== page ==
Crying: In humans, it is the production of tears usually accompanied by facial muscle contractions and vocal sounds. But what happens in the body during this ordinary occurrence, and what social significance does it have?
According to research in the journal Human Nature, the connection between vocal sounds, facial contractions, and tear production during crying is hypothesized to form in infancy. Contractions of eye muscles associated with distress vocalizations are thought to stimulate sensory nerves of the cornea to trigger the lacrimal glands and release tears.
From a broader physiological perspective, crying is associated with activation of the sympathetic and parasympathetic nervous systems, branches with opposing effects. The sympathetic nervous system activates the fight or flight response to release adrenaline to increase heart and respiration rates, while the parasympathetic nervous system promotes rest and relaxation by slowing both. Sympathetic activity increases before crying and returns to baseline shortly after, while parasympathetic activity remains increased for some time after the onset of crying. The tear-producing lacrimal glands are innervated mainly by the parasympathetic nervous system. Increased parasympathetic activity may be responsible for reports of improved mood after crying.
Activation of the nervous system stems from the activation of several brain regions in the central autonomic network that includes parts of the cerebrum, such as the limbic system, the diencephalon, and the brainstem. Connections between the cerebral cortex and the brainstem, such as the cortico-bulbar tract and the fronto-limbic-pontine-medullary pathways, are responsible for linking emotions to facial expressions and vocalizations associated with crying.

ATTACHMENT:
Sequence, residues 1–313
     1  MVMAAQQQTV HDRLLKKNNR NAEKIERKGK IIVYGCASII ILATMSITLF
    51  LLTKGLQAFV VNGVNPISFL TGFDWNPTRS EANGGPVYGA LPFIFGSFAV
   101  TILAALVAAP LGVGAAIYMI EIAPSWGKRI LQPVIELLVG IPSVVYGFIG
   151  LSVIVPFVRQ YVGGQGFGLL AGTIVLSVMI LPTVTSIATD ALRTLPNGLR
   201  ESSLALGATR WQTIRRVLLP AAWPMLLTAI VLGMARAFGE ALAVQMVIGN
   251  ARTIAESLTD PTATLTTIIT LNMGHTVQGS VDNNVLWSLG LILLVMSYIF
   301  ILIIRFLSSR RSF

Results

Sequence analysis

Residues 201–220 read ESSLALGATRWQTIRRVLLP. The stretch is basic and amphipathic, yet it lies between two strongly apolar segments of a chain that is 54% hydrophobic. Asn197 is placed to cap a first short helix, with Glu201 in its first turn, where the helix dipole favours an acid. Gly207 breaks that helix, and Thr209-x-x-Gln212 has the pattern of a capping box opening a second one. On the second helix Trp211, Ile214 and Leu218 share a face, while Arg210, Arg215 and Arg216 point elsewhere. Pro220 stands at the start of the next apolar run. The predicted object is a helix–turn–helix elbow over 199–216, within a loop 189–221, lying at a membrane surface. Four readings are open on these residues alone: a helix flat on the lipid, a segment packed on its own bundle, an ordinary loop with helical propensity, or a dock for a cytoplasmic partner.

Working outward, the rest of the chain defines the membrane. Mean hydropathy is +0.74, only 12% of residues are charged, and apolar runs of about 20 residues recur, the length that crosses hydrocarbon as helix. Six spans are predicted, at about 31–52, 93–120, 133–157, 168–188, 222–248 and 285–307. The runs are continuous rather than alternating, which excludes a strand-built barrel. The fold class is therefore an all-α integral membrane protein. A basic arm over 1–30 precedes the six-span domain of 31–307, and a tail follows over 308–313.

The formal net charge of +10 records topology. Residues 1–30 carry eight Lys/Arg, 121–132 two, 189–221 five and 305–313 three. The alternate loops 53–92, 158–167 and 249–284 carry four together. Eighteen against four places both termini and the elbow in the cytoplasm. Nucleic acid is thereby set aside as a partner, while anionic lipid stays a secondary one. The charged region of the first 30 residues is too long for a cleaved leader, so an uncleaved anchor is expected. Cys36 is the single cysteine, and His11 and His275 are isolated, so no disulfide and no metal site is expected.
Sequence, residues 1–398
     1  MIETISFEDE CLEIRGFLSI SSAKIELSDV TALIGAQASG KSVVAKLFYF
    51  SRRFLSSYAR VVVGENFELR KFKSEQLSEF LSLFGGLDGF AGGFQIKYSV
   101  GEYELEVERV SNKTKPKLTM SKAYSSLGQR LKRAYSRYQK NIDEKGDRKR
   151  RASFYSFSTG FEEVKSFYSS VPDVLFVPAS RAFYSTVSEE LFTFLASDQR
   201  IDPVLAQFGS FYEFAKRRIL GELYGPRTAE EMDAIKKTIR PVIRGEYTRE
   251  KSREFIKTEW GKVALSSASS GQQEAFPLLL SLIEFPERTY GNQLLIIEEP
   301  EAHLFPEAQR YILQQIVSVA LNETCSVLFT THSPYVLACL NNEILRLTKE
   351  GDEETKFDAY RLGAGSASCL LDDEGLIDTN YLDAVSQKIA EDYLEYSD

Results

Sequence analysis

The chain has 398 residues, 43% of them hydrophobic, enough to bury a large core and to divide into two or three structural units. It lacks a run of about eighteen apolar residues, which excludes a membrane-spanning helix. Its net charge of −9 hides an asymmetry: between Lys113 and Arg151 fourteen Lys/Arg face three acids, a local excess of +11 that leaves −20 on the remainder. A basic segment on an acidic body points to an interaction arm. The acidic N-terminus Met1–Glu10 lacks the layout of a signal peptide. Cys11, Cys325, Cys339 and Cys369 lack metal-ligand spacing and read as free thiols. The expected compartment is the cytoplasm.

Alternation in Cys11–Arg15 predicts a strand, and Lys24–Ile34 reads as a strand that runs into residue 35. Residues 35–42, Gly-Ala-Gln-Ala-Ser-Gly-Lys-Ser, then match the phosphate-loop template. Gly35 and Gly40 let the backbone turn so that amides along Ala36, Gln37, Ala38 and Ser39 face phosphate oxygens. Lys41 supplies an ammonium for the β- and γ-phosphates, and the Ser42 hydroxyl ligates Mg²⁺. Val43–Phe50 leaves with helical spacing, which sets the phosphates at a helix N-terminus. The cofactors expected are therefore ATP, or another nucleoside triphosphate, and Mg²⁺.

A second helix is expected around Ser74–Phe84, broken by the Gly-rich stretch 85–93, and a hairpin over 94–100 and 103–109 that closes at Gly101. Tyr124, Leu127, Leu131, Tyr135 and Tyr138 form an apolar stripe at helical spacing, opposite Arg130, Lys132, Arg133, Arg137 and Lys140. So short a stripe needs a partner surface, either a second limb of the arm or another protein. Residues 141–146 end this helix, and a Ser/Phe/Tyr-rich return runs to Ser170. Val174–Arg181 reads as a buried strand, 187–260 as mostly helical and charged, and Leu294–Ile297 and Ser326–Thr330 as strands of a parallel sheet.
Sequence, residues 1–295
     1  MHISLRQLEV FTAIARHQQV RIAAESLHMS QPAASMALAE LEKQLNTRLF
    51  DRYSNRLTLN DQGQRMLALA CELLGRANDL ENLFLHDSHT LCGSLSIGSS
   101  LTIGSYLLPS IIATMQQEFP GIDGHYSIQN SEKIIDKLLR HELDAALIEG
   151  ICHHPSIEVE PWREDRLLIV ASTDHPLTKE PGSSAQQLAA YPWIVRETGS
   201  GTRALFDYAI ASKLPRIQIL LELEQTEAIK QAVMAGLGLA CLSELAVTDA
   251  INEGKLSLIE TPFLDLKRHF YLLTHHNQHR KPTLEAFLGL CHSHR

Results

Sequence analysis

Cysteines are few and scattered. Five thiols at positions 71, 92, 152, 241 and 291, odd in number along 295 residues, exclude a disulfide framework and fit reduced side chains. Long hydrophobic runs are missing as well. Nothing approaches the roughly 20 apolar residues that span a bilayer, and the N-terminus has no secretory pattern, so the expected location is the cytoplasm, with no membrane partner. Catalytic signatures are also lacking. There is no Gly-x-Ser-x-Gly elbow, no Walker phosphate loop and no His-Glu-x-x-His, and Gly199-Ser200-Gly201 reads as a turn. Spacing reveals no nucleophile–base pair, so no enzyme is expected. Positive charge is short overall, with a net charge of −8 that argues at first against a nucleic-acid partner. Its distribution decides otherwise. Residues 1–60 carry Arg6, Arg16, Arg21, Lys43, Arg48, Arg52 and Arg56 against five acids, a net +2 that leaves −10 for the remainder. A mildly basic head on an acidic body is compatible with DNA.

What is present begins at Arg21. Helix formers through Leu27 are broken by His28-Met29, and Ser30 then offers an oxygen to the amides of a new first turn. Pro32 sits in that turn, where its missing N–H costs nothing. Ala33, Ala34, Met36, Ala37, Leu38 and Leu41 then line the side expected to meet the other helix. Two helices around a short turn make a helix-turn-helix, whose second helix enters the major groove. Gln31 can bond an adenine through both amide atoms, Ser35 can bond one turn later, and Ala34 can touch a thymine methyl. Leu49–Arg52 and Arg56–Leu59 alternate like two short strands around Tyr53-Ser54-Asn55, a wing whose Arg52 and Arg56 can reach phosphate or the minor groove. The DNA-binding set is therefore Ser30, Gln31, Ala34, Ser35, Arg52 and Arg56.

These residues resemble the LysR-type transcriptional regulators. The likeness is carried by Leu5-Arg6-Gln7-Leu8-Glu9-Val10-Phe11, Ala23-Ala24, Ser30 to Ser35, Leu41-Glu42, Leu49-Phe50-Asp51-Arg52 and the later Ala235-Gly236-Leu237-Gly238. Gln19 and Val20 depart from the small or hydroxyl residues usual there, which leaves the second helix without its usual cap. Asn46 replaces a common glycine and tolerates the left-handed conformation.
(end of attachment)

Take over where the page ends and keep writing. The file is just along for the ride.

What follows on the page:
Because of gender discrepancies in crying frequency, hormones are also thought to influence the physiology of crying. Women cry 2 to 4 times more often than men. Researchers suspect testosterone may explain the difference – testosterone is thought to inhibit crying, with evidence from studies examining castrated males and men on medications that block testosterone.
Gender has also been found to affect our perceptions of crying, as mentioned in research in Emotion Review. Male criers were evaluated more negatively than female criers, with crying males often seen as weak and less competent. Female criers elicited more sympathy and comfort. Male observers responded more negatively to criers in general, while female observers were more likely to cry along with the crying individual.
Personality also influences reactions to crying, as examined in Frontiers in Psychology. Extraverts report more relief from crying, perhaps because they are better able to elicit social support from it. More conscientious people report more negative effects from crying, associating it more often with feelings of guilt and shame. More neurotic and more empathetic individuals cry more frequently in general. And depressed individuals may experience an inability to cry.